Email Signature Holes Fixed

Tuesday, October 30, 2012 @ 08:10 AM gHale

Google, Yahoo and Microsoft fixed a hole in their email-signing mechanisms that made it possible for people to spoof messages coming from their systems.

The problem was they were using keys of less than 1,024 bits in length in their implementations of the DomainKeys Identified Mail (DKIM) mechanism.

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While some security experts say even 1,024-bit RSA keys are easy to crack, the shorter keys are definitely too insecure for serious use these days, as the computational power available in the cloud makes it relatively easy to crack them by brute force.

According to a US-CERT note released on Wednesday, Google, Microsoft and Yahoo were all using too-short RSA signing keys, and all three vendors have now fixed the problem.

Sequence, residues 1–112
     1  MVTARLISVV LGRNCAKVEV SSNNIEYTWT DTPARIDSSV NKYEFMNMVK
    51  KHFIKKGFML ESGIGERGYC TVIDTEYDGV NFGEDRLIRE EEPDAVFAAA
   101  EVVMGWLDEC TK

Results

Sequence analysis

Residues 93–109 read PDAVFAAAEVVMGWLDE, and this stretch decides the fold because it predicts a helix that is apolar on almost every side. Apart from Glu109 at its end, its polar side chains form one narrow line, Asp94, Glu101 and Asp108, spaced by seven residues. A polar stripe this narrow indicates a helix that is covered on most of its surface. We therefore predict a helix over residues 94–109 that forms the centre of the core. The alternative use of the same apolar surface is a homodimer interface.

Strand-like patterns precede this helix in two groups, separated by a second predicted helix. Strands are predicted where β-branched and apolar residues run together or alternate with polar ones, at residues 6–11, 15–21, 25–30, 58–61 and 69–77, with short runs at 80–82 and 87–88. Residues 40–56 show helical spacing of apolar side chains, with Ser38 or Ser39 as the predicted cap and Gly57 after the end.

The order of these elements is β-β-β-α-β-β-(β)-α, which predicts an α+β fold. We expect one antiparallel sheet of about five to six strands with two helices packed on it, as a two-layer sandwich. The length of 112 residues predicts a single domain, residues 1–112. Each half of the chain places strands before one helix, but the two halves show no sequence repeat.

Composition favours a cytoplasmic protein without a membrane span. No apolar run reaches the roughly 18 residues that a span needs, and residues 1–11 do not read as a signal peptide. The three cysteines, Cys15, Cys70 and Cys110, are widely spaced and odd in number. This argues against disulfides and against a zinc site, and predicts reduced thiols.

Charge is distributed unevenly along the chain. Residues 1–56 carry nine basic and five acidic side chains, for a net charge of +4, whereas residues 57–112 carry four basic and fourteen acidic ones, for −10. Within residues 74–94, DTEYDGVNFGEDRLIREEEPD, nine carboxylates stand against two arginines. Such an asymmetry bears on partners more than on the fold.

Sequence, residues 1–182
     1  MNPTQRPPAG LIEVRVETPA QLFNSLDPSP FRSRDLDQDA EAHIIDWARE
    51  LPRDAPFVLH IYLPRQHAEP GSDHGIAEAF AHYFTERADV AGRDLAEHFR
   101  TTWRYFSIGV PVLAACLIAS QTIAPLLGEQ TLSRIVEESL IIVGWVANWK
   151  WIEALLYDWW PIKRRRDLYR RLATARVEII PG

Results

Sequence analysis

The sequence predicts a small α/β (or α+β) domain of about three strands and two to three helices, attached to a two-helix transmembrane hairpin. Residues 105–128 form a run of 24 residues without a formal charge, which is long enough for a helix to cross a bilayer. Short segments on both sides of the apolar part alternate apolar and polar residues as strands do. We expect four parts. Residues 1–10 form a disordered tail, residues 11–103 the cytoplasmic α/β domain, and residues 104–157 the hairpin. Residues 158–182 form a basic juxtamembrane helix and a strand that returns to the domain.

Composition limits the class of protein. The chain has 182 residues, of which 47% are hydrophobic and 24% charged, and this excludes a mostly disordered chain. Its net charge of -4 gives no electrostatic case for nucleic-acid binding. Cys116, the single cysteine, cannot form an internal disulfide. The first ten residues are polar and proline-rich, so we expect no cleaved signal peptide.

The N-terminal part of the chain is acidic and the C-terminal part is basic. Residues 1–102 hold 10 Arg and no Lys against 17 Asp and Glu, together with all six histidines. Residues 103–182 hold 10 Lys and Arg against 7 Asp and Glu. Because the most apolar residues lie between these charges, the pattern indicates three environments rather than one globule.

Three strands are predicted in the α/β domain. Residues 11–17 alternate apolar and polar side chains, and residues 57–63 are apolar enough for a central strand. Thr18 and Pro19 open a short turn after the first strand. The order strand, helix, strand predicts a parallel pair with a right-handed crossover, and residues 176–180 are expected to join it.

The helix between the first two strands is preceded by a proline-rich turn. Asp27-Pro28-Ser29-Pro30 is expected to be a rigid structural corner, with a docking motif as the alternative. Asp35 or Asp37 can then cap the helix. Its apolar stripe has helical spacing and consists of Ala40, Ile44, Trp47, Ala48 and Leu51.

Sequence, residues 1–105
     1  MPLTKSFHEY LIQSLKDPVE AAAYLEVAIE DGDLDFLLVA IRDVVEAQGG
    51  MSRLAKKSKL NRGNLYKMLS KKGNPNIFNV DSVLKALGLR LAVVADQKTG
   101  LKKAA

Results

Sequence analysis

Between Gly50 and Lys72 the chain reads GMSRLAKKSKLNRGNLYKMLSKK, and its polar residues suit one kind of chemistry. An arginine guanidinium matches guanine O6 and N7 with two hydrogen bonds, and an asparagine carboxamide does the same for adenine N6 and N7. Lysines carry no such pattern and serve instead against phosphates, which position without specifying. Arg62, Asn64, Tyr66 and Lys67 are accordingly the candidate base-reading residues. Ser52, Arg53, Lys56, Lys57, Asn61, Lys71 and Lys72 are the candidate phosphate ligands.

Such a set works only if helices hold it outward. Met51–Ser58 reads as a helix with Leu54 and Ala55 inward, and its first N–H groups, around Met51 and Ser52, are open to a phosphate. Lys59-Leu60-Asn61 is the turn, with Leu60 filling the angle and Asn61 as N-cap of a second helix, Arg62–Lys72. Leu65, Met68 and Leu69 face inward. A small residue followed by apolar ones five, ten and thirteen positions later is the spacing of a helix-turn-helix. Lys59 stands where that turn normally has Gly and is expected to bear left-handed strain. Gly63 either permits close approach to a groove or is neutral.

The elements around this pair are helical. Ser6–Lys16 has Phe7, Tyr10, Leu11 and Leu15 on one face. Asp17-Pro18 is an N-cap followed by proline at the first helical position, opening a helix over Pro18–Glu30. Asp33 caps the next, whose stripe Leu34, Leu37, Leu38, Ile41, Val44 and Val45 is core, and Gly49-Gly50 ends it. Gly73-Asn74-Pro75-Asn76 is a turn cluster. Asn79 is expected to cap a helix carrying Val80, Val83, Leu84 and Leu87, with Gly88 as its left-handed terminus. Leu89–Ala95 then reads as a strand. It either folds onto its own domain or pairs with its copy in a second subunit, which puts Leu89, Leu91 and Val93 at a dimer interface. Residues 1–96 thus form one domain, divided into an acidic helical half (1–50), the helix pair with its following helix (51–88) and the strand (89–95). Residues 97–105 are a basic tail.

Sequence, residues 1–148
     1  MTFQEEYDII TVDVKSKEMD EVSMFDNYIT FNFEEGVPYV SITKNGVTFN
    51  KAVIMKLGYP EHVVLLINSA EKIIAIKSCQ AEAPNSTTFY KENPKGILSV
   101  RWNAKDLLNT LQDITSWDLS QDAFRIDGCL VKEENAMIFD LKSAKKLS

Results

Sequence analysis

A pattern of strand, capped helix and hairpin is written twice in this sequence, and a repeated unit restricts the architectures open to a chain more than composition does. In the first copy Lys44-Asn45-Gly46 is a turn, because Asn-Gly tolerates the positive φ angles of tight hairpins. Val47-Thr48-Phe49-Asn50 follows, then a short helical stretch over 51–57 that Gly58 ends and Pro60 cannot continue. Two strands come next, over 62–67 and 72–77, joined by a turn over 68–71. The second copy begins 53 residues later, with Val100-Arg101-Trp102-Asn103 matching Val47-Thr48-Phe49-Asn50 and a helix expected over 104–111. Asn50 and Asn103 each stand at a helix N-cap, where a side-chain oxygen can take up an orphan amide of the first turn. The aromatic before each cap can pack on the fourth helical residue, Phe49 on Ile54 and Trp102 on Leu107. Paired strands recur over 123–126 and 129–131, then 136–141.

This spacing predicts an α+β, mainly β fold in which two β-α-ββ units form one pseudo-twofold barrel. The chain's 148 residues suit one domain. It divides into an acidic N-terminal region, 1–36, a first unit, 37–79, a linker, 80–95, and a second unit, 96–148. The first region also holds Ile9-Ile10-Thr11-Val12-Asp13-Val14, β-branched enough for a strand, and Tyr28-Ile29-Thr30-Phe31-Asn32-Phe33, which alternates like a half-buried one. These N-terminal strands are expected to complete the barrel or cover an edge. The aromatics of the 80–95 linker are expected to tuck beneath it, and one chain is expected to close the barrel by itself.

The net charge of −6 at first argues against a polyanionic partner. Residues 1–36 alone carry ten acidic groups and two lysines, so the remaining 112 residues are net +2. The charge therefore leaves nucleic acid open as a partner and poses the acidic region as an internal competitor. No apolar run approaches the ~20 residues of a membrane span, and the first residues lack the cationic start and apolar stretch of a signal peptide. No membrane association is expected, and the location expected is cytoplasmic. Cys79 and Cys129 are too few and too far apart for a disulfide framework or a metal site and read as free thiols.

The vulnerability first came to light from a mathematician named Zachary Harris, who received an email purporting to come from a Google headhunter. The email’s header information, which proves who sent it, apparently looked in order, but Harris noticed that a weak DKIM key was in play.

Harris was able to crack the key and emailed Google founders Larry Page and Sergey Brin, thinking this may have been an elaborate recruitment test. He got no reply, but saw that Google subsequently started using 2,048-bit keys.

Harris also said other companies such as eBay and Twitter are using 512-bit keys, and financial services such as PayPal and HSBC are using only 768-bit keys.

According to the US-CERT note, “system administrators should replace all RSA signing keys fewer than 1,024 bits and configure their systems to not use or allow testing mode on production servers.”

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